Max Kusza turns 3 this week and celebrated being two years cancer free April 1. He was diagnosed with neuroblastoma at eight months old and had surgery in 2019 to remove a tumor.

Max Kusza turns 3 this week and celebrated being two years cancer free April 1. He was diagnosed with neuroblastoma at eight months old and had surgery in 2019 to remove a tumor.

Photo by Deb Jacques


Local youngster celebrates two years cancer free

By: Alex Szwarc | Macomb Township Chronicle | Published April 5, 2021

 Max is pictured with his father, Mitch. For his upcoming birthday, Max wants an airplane.

Max is pictured with his father, Mitch. For his upcoming birthday, Max wants an airplane.

Photo by Deb Jacques

Advertisement

MACOMB TOWNSHIP — It was a cause worth recognizing for Max Kusza.

April 1 marked two years of Kusza being cancer free. He also turns 3 on April 10.

In marking the two-year anniversary, special signage was proudly displayed on the front lawn of the family’s Macomb Township home that read “Heroes come in all sizes! Super Max.” Additionally, visits were made by members of the Macomb County Sheriff’s Office via a drive-by with lights and sirens, an officer from the Fraser Department of Public Safety presenting Max with a challenge coin, and workers from GFL Environmental stopping by.

“We cherish this day so much,” Kusza’s mom Ashley Kusza said.

Max, who loves Scooby Doo and wants an airplane for his birthday, was diagnosed with neuroblastoma at eight months old.

The Mayo Clinic describes neuroblastoma as a cancer that develops from immature nerve cells found in several areas of the body, most commonly in and around the adrenal glands. It often affects children age 5 or younger.  

In describing Max’s health background, Ashley said he seemed completely fine as a baby, and one day while rubbing his belly, felt something hard.  

“I thought we’ll let it go, then I made a doctor appointment to get it checked,” she said. “We went for an ultrasound, and my doctor said they found a mass there.”

The family then went to Children’s Hospital of Michigan in Detroit for testing, where it was revealed the tumor was malignant.

“It came back neuroblastoma, which they said was more curable,” she said. “Since he was under 1, he had a really good cure rate. After 1, the percentage goes down.”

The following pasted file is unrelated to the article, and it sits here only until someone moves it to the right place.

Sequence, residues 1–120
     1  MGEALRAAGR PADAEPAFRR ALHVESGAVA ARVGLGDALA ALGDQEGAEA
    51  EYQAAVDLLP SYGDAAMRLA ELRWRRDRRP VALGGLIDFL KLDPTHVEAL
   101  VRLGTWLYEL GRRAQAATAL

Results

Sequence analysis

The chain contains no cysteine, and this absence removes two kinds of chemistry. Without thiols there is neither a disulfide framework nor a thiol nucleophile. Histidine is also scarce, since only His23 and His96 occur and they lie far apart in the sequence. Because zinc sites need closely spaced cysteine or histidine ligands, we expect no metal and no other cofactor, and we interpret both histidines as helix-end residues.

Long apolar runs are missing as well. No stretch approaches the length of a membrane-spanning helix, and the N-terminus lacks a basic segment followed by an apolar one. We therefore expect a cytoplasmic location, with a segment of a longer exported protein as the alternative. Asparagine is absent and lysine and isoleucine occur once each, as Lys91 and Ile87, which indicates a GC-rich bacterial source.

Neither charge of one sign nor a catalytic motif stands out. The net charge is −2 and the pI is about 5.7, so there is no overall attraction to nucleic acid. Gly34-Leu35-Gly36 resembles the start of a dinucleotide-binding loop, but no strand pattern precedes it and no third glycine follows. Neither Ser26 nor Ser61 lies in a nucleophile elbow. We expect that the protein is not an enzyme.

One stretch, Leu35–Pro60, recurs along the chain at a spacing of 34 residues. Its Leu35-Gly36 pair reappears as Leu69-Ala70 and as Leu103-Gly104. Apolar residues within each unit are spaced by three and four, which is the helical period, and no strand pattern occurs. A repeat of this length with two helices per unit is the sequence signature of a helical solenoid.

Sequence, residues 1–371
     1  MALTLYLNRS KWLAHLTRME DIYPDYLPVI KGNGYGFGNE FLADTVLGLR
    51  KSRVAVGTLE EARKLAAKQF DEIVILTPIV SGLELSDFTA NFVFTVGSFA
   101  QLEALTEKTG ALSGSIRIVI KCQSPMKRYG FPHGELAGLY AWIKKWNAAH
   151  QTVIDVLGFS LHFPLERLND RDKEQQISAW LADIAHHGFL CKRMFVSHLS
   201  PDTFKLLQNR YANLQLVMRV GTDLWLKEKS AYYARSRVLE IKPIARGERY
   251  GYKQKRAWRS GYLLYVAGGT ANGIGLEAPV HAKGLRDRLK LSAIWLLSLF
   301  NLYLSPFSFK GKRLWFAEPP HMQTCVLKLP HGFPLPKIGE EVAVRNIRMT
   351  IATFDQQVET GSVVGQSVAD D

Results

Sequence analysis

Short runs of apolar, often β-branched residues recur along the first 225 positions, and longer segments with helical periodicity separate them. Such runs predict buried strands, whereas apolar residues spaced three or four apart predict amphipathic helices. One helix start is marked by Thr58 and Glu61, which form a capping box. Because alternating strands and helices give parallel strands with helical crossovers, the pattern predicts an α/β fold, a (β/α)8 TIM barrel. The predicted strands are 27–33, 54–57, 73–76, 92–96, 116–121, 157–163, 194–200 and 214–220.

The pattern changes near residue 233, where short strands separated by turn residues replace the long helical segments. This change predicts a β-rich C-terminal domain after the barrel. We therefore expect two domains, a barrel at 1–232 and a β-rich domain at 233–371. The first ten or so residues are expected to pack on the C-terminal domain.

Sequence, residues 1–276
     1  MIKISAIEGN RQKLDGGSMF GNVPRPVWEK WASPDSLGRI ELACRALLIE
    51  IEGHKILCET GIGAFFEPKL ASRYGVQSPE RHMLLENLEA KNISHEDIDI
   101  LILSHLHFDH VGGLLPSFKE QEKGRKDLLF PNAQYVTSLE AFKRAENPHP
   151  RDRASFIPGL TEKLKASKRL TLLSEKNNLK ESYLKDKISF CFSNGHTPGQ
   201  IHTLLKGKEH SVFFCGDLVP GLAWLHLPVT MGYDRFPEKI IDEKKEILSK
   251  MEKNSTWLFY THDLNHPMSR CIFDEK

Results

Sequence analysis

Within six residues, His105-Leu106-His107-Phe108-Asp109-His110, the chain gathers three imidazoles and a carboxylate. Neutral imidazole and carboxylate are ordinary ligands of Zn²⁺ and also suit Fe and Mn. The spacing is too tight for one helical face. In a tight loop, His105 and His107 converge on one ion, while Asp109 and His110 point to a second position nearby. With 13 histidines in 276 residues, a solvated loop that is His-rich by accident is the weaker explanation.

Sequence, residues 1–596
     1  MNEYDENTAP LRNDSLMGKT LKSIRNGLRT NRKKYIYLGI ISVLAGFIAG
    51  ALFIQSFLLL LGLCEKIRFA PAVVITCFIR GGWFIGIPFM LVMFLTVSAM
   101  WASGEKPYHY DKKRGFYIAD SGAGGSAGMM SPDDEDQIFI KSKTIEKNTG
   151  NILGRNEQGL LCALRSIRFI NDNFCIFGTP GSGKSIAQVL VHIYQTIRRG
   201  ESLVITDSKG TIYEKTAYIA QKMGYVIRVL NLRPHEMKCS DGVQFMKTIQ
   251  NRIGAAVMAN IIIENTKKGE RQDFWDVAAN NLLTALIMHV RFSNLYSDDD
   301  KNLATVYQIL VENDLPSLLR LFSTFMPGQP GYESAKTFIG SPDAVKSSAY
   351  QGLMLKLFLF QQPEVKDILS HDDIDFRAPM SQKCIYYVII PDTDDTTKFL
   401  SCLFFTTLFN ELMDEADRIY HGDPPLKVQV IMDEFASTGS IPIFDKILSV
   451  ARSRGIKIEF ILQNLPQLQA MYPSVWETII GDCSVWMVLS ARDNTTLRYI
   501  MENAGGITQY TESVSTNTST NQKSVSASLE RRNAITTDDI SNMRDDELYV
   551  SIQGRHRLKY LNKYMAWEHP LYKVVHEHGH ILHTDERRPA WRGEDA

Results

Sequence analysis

Ashley said the mass was about 8 x 6 x 7 centimeters in the tissue of his abdomen.

Max went through four rounds of chemotherapy from December 2018 to March 2019 and was considered intermediate risk for his cancer stage.

“They did a bone marrow biopsy, and they thought they saw it,” she said. “They put him on medicine to boost his white blood cells after treatment, which the people reading the bone marrow results didn’t realize, so it mimicked cancer cells.”

At that point, Ashley and her husband Mitch were told the cancer was in his bone marrow.

“We panicked and had to tell all of our family,” Ashley said. “Then she called back saying she was so, so sorry and had great news.”

Not knowing Max was on Neupogen, a bone marrow stimulant, doctors told the family there was no cancer in his bone marrow.

Max had surgery April 1, 2019, at Memorial Sloan Kettering Cancer Center in New York City to remove the tumor. Ashley said the hospital is very good with young neuroblastoma patients.

“They were the only ones really confident they could get all of his tumor out,” she said. “I asked at that point if we consider him cancer free, and they said yes.”

Mitch said this time of year, he tends to shut down emotionally.

“Going through it with him, I just blocked everything out and it was only the cancer, it wasn’t my son,” he said. “I try to stay numb to it.”

Mitch said a challenging part of Max receiving treatment was the stress of making sure he was being taken care of, as well as Max’s older sister Alivia.

“It’s definitely challenging, that’s for sure,” Mitch said.

Going forward, Ashley said there’s always the fear of neuroblastoma coming back. Once a year, Max will be scanned and, after five years, the chance of it returning significantly decreases.

Advertisement